Irish Taoiseach Leo Varadkar has re-registered as a medical doctor to directly help with his country’s response to the coronavirus outbreak.
Mr Varadkar, who worked as a doctor for seven years before leaving the profession to become a politician, will work one shift each week to aid in Ireland’s effort against the Covid-19 crisis.
The Irish leader, who was removed from the medical register in 2013, rejoined the profession in March to return to his practice in the face of Ireland’s mounting coronavirus emergency.
"Many of his family and friends are working in the health service. He wanted to help out even in a small way," a spokesman for the prime minister said.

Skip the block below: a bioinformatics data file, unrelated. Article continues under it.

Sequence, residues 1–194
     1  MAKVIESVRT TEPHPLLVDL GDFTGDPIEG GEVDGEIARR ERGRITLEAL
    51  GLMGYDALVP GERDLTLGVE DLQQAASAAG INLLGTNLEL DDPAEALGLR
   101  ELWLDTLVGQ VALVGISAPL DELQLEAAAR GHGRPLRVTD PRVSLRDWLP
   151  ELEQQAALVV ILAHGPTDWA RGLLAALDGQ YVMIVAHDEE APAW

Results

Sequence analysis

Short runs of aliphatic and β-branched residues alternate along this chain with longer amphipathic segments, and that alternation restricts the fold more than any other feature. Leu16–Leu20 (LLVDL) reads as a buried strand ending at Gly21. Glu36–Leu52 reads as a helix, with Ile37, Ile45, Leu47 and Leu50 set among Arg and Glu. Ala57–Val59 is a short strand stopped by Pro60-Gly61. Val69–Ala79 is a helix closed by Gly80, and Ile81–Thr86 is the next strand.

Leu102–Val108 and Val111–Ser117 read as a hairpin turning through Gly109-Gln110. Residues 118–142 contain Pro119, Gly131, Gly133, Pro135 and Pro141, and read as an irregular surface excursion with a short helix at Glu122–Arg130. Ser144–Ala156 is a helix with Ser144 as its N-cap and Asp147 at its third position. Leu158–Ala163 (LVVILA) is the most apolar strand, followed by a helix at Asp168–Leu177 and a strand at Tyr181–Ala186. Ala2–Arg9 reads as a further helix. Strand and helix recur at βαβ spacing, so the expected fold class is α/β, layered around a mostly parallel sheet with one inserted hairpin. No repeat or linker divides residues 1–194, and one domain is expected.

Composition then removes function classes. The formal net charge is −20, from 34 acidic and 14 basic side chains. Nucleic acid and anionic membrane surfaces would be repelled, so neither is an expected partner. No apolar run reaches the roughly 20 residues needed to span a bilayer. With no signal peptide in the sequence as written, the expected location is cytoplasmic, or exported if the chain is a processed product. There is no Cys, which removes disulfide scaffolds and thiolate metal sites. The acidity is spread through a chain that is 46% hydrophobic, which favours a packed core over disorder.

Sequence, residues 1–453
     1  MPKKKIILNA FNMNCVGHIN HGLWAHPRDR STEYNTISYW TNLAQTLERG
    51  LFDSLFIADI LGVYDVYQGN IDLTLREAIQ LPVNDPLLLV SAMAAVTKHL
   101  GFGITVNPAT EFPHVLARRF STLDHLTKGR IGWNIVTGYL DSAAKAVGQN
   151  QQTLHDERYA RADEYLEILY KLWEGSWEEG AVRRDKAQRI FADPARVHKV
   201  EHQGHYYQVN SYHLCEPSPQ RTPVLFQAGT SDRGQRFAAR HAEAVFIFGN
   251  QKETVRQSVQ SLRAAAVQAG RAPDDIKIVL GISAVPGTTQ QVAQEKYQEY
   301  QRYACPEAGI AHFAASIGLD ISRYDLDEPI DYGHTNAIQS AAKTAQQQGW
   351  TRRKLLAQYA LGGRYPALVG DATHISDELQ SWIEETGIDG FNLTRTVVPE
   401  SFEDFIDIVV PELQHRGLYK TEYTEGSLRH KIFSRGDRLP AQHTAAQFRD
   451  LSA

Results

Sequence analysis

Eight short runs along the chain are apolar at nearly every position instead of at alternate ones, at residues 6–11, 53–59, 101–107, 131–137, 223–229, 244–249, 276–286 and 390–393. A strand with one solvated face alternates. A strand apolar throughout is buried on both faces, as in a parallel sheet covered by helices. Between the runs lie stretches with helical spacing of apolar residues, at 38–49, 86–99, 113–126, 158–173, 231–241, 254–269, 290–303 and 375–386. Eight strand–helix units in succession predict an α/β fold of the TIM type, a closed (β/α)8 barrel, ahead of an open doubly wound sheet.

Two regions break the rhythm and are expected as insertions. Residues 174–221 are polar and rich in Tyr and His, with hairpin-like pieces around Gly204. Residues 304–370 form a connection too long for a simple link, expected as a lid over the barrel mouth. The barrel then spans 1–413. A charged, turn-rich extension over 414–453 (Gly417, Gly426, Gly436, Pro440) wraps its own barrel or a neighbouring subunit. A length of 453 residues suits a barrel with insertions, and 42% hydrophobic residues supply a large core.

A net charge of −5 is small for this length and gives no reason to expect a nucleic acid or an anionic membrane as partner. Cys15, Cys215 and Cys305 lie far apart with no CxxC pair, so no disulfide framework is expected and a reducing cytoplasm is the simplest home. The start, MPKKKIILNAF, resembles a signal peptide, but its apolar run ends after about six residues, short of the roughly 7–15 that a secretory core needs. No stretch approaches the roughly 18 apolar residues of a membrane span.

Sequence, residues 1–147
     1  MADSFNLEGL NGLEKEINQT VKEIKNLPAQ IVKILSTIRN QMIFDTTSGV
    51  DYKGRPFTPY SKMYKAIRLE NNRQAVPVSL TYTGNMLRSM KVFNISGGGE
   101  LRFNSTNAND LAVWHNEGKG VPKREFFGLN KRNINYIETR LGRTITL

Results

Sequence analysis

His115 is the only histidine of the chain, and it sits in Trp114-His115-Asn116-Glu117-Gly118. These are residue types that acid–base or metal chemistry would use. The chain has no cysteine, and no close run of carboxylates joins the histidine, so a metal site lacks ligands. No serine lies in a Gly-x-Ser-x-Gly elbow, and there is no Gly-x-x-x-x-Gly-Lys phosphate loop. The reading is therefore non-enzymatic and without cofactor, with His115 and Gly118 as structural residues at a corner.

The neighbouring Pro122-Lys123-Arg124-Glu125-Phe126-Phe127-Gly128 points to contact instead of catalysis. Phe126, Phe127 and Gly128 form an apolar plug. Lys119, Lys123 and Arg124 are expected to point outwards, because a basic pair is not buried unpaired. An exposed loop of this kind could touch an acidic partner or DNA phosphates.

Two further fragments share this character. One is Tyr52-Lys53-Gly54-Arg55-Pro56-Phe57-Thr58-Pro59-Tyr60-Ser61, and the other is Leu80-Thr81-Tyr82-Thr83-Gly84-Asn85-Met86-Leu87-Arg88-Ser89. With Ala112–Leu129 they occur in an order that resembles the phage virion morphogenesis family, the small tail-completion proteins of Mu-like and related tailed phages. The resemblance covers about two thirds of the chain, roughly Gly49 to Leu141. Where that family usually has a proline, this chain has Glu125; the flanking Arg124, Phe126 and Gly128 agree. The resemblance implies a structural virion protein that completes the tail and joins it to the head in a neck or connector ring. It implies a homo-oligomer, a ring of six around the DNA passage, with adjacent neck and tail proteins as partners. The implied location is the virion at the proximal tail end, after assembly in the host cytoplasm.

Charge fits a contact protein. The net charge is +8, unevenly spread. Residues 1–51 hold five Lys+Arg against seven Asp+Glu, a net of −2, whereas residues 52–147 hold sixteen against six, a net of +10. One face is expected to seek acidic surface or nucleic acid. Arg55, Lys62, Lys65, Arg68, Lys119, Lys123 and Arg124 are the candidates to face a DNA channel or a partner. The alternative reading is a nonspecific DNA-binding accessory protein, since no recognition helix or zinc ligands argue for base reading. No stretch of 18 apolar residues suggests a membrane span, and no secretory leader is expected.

Mr Varadkar comes from a medical family and has returned to his profession with thousands of others who have answered a call for eligible medics to go back to the Irish healthcare system.
Last month, Health Minister Simon Harris launched a recruitment drive for the country's struggling health service to tackle the coronavirus outbreak.
Ireland’s Health Service Executive said it spoke to thousands of healthcare professionals who may be eligible to return after it received more than 70,000 responses for its "Be on call for Ireland" initiative.
Mr Varadkar had appeared to be pushed out of government in Ireland’s most recent general election where his centre-right Fine Gael party lost 12 seats. However, as opposition parties and independents have failed to form a governing coalition, Mr Varadkar has been given a reprieve.
Fine Gael now looks poised to form a coalition with Fianna Fail. Under a likely agreement the two parties will rotate the premiership. Mr Varadkar currently heads a caretaker administration.